Dental Care in Barrie: The periodontal diagnosis, or “What’s wrong with my gums?”
Posted: September 30, 2013
In a previous post, we gave you an overall idea of our approach to a complete oral exam, and how it is conceptually broken down into four diagnostic categories: dental (teeth only), periodontal (gums), functional (TMJ/jaw joints and the bite), and aesthetic (the appearance of the teeth). In this post, we will review the periodontal diagnosis.
Understanding gums is like understanding other chronic diseases such as heart problems or diabetes. They typically do not hurt even when damage is being done, until things reach a critical stage (high blood pressure / cholesterol doesn’t hurt until you have a heart attack or stroke, diabetes probably won’t hurt but leave it long enough and you go blind or lose a foot). In all these cases, it’s far better to control the disease before the more serious complications arise, and in the case of teeth it is no different. The periodontal diagnosis aims to identify the threats to the gums so one can minimize the loss of teeth.
Here are some of the things that we look at:
1) bone levels – this is the most telling indicator of gum disease risk. In another post, we said that there are people who seem not to get gum disease despite poor oral hygiene and others who seem to have aggressive disease with good hygiene. By looking at bone levels around the teeth on dental X-rays, we gain some good predictability on one’s individual gum disease risk. People who have lost bone will tend to lose more, and conversely, people who have not will not often start to lose bone suddenly (this of course excludes people who are at risk but who have not started to lose bone because they are still young).
2) periodontal pocketing and bleeding – by using a periodontal probe, we can measure the depths of the “pocket” of gums around each tooth. We measure six points on every tooth and record the depth in millimetres, and also record the presence of bleeding on probing. “Normal” numbers should be 1-3mm with no bleeding. Higher pocket readings and more bleeding are signs of active inflammation of the gums.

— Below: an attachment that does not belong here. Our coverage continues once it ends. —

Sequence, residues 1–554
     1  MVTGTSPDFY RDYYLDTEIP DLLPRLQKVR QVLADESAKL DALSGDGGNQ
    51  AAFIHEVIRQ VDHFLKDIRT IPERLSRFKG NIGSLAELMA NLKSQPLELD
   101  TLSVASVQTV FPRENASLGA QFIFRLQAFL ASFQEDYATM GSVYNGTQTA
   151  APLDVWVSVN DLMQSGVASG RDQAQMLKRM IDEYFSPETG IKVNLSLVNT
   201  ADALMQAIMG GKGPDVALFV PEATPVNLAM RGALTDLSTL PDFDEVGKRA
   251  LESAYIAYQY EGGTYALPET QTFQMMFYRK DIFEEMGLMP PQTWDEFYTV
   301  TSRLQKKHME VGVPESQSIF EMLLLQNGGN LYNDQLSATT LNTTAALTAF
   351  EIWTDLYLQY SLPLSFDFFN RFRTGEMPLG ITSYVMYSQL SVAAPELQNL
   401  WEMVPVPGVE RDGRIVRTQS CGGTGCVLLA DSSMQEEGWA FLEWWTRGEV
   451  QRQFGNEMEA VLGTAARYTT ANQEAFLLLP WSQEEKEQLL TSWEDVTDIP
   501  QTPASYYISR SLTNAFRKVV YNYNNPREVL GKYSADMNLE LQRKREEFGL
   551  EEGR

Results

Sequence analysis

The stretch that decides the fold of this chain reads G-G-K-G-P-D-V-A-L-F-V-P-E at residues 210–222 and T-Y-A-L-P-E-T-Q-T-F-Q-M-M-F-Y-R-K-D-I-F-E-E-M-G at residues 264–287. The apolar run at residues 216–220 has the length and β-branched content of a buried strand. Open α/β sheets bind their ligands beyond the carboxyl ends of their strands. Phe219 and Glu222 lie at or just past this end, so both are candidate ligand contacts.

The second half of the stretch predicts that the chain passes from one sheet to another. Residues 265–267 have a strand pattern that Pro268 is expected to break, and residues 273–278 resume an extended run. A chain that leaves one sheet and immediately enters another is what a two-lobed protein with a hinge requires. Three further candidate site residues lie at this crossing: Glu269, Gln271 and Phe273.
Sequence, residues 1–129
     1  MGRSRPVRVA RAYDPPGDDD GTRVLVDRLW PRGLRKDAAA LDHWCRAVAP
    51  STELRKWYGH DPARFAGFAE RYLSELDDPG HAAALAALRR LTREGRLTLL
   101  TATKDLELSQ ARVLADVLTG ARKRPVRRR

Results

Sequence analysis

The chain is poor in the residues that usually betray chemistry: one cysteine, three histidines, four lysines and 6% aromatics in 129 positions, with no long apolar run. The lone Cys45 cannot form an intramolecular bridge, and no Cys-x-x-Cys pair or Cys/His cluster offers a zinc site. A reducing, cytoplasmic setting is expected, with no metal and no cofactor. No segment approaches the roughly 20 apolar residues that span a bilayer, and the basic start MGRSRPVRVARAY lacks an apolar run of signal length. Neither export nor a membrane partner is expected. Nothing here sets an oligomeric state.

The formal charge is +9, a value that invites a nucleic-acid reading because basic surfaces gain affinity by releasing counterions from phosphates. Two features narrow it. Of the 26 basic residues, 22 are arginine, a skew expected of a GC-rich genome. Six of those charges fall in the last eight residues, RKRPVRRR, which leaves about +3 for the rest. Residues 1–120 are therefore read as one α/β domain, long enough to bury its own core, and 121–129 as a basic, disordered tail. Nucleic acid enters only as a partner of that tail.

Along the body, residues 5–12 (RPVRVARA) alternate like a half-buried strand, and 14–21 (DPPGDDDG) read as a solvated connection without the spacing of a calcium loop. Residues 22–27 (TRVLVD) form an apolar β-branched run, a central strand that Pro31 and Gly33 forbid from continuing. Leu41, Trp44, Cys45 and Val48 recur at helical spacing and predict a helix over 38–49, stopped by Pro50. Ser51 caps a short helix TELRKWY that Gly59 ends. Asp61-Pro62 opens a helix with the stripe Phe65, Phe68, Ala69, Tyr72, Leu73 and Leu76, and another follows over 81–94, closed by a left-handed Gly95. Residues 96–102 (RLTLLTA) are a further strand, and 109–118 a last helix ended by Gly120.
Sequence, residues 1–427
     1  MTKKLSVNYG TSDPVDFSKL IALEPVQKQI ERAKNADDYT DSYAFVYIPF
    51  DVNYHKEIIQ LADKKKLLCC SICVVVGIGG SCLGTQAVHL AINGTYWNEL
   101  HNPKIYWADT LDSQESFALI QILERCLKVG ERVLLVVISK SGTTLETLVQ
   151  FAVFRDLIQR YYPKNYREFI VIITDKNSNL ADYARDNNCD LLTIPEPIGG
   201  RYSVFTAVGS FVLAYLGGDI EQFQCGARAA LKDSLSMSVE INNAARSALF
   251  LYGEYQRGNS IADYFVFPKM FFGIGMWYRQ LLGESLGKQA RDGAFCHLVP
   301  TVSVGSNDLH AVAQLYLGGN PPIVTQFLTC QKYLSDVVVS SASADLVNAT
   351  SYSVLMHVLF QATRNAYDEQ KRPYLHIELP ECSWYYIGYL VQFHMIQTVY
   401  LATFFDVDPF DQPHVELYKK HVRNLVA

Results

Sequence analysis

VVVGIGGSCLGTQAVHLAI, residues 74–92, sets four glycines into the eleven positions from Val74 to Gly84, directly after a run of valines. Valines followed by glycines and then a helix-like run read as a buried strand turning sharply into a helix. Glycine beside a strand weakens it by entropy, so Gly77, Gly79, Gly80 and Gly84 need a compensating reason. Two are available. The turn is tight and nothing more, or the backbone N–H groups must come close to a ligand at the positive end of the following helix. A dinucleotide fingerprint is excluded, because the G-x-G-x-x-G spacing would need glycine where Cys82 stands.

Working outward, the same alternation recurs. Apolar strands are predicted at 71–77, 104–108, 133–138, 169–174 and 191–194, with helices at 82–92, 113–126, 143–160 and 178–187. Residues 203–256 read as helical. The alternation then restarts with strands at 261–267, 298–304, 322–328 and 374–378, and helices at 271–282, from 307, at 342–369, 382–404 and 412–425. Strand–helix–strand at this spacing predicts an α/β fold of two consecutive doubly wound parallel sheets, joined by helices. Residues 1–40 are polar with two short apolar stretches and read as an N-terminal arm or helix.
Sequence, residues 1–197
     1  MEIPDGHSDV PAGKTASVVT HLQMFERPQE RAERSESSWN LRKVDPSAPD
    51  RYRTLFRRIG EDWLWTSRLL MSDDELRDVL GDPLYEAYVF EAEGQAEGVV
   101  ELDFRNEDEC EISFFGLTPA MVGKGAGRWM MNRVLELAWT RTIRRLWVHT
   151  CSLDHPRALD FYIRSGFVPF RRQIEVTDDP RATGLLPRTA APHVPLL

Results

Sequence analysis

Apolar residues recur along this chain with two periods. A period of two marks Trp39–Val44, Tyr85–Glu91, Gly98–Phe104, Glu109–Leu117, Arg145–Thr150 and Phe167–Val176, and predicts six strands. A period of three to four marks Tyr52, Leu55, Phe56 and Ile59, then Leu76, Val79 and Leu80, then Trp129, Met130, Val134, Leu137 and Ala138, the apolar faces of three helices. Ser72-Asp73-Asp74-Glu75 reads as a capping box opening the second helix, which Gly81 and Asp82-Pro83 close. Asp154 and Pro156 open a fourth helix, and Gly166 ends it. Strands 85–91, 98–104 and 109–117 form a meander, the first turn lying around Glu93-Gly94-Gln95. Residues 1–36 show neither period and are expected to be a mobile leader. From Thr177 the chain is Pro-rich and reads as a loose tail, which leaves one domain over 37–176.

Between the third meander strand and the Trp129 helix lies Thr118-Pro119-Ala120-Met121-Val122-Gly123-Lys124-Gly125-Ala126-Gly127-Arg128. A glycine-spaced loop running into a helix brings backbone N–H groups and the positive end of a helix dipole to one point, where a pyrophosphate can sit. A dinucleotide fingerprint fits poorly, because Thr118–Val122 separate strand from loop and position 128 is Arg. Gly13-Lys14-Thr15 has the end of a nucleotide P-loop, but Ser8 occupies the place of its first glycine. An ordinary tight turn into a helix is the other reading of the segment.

Additionally, people with aggressive gum disease will have patterns of gum pocketing and bone loss that suggest the need for more complicated and involved care, and often more vigilance.
3) recession – this measures the number of millimetres of gum loss that has occurred. Using a periodontal probe, we record the amount of recession from the CEJ (cementoenamel junction) where the gum level should be. Generally, the gum levels follow bone levels, so receded gums are suggestive of problem areas. Areas of recession that expose hard-to-clean areas of tooth roots become hygiene problems, and will merit more frequent hygiene visits.
4) missing teeth from gum disease – if one has lost teeth due to gum disease, it is a definite sign that there is an increased risk of further gum disease.
5) abrasion on the teeth- these wear marks on the sides of teeth at the gumline are a sign that excessive force may be being applied when toothbrushing. When this happens, the gums/bone will recede. Although this is not typical inflammatory gum disease, it is nevertheless loss of gum and bone tissue.
6) soft tissue pathology – this is again not typical gum disease or even toothbrush abrasion-caused gum loss. We are trying to identify soft tissue abnormalities that may affect the gums. These can range from more common things like autoimmune diseases manifesting in the mouth (lichen planus comes to mind, along with a host of others), all the way to things such as oral cancer. Often a biopsy is required in order to confirm the identity of these findings.
Once we obtain the necessary information about an individual’s gums, we can put all the information together and formulate some periodontal recommendations. While we are aiming to save as many teeth as possible, we also have to be realistic and suggest predictable (read: treatment that will work) measures that prevent delaying the inevitable. Often our recommendations will include:
– visits with the hygienist sufficient in number and duration to adequately disinfect the teeth
– a certain frequency of hygiene visits thereafter
– possibly referrals to periodontists for grafting or management of other more complicated gum defects
Contact us if you have problems with your gums, questions about gum recession, need advice about home care for your gums, or are seeking a place for regular maintenance! We’d love to be your dentist in Barrie.